There are various ways to practice volume pedal technique for pedal steel guitar. Focusing practice time and effort on developing good volume pedal technique, will improve a pedal steel player’s skills on the instrument. The volume pedal is an important part of the steel player’s “voice”, and has a definite impact on a player’s style, tone, and character on the instrument.
When first playing pedal steel with a volume pedal, it is a good idea just to get comfortable with having your foot on the pedal, in a proper position/angle. There are so many simultaneous variables involved with playing pedal steel; slowly getting more comfortable with each aspect of playing will reap the greatest rewards for the aspiring player. After all, we don’t want to be great at just using the volume pedal, and leave other important technical aspects of learning the instrument on hold.
To begin getting comfortable with the physical aspects of using the volume pedal, having a base position, or starting point to work off of, will be beneficial. Most things are built from the ground up, and having a strong foundation to work on can go a long ways. Most professional pedal steel players will have their foot at this “starting point” on the volume pedal for the majority of their playing. Only when they attack or pick the strings, will they gradually engage the volume pedal, using it as a sustain mechanism and producing longer tones. For more about this idea/technique, read my article “How To Use a Volume Pedal for Pedal Steel Guitar”.
The “starting position” of the pedal should not hide the attack when picking/playing notes on the pedal steel guitar. The attack is the immediate sound and timbre one hears as soon as the string is picked. This is not the note itself per se, but more of the actual sound of the picks striking, or attacking the strings. This is a common mistake by beginners; they may not feel confident on the instrument yet, and cover up the attack of their notes in an effort to hide their picking technique. It is best to avoid this, as great sounds and tone can come from the pedal steel with a bolder approach – picking strongly, while using the bar and volume pedal to reinforce this via sustain, will make players have a more impacting impression on listeners. Professional players often have solid, full tones because they pick strongly, or as some say “play those notes like you mean it!” In other words, have something you want to say through the instrument, and say it with confidence through your playing and volume pedal.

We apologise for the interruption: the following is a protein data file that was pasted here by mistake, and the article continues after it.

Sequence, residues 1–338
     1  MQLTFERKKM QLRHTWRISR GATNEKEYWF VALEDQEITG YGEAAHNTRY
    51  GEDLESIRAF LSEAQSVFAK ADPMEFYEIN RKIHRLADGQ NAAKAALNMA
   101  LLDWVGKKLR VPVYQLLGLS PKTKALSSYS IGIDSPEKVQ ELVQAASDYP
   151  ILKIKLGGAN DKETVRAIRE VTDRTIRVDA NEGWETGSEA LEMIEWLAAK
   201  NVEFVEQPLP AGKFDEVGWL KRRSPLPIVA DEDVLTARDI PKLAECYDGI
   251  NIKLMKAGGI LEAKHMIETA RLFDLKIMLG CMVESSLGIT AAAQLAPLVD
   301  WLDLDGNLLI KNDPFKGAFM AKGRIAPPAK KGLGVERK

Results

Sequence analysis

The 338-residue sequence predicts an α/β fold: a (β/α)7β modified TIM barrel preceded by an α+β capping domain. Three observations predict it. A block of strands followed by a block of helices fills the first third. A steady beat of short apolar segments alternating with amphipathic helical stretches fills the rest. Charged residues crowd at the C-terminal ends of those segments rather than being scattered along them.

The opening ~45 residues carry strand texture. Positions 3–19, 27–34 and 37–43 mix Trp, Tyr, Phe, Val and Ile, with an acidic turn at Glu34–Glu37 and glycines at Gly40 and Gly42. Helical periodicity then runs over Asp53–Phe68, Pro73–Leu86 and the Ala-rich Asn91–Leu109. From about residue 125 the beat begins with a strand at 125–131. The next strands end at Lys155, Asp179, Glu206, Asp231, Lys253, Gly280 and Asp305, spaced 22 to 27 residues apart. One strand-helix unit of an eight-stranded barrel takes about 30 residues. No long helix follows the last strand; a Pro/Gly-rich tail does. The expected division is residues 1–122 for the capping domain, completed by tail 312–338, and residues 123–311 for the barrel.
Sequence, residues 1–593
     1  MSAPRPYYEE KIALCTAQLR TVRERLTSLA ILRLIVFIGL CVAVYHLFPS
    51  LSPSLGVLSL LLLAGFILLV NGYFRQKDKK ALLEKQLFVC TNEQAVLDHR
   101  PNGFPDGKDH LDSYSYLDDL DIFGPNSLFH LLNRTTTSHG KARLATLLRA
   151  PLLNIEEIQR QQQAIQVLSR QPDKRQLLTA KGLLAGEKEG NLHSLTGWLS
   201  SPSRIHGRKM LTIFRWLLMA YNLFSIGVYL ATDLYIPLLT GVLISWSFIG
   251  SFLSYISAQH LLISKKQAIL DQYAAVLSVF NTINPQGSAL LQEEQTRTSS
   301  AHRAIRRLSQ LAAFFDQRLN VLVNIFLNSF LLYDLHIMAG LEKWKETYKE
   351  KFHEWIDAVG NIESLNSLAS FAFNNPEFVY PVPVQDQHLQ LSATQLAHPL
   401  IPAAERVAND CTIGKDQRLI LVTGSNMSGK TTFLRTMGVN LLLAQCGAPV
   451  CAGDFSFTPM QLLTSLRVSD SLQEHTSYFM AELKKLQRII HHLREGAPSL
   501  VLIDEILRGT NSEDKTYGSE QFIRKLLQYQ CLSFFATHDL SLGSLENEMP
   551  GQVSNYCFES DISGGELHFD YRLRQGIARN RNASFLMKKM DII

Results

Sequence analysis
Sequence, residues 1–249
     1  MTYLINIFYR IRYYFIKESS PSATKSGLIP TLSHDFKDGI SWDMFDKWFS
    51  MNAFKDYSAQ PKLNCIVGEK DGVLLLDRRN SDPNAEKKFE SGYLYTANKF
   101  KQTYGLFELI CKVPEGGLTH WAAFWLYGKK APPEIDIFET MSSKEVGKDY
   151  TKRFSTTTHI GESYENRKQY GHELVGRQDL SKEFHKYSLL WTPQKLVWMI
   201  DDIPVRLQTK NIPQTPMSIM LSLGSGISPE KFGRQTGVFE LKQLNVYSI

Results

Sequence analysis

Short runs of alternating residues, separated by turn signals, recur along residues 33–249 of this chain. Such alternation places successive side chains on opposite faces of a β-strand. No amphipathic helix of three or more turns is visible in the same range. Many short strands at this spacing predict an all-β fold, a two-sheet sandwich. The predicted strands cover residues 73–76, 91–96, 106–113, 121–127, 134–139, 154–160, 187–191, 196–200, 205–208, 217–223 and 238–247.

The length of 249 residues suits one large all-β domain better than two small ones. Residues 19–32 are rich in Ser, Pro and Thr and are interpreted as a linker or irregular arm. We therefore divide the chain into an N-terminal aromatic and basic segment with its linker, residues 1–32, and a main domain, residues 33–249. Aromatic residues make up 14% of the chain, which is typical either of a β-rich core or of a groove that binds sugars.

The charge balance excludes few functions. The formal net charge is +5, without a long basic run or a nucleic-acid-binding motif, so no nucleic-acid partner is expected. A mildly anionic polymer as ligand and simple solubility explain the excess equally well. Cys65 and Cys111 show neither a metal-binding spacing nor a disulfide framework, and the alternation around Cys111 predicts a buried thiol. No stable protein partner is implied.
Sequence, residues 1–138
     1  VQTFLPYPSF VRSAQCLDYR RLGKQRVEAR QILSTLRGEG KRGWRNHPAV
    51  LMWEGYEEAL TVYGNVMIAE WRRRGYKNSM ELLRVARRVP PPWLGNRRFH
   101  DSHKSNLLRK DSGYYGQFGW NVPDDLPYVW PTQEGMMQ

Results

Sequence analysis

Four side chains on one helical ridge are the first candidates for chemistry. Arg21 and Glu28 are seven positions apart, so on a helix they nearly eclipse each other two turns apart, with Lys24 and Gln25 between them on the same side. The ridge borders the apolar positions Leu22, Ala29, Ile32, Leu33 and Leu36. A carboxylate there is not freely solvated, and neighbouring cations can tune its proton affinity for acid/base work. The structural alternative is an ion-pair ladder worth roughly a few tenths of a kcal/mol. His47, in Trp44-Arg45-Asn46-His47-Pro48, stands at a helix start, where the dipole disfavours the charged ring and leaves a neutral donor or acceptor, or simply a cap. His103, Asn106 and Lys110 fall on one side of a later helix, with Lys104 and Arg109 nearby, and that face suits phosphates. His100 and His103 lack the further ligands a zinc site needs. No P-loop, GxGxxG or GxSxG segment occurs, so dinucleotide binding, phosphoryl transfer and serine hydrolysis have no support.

The starting position will vary depending on the volume pedal brand/type, the amplifier’s gain settings, the pedal steel guitar itself, and how hard you pick too. I’ve found from playing, and watching other players’ use of the volume pedal, that having the volume pedal about 25% engaged is a good starting position (at 0% there is no volume coming through signal, at 100% there is full volume from signal). This leaves a player plenty of headroom for sustaining the notes by gradually engaging the pedal, and probably doesn’t hide the attack too much. Even volume swells from professional players that produce that classic “floating, ethereal, crying sound” will have a slight attack audible on those notes before they are sustained and swelled upon. Are you having a swell day so far?
Having the volume pedal steadily hovering around this 25% when playing or not playing, will begin crystallizing the muscle memory in your right foot. Eventually we will want this right foot to act as the dynamic voice for the instrument, much like great singers can raise or lower their voice as the music calls for. If you hear a louder or softer note in your mind, and you want to communicate it through the instrument, your right foot should instantly be able to follow these dynamics without thinking. This will take time and practice, but will be worthwhile. I actually believe the sounds associated with the steel guitar and proper manipulation of the volume pedal, are what got me interested in playing pedal steel guitar in the first place. So have fun with it too, as it is an integral part of the steel guitar’s vocabulary!
Keep in mind that having your foot on the volume pedal, at the 25% starting point, may be uncomfortable at first. The right foot’s muscles may get tired quickly, and want to rest on the ground or another position, however it is usually best to try to power through this as long as comfortably possible. Over time these muscles will develop and strengthen accordingly, and you will be very comfortable with leaving your foot on the volume pedal in the correct position for as long as you play. Like running a marathon, we need to train these muscles gradually so they can be ready for the actual race. When race day comes, you will have a leg up on the volume pedal, literally and metaphorically.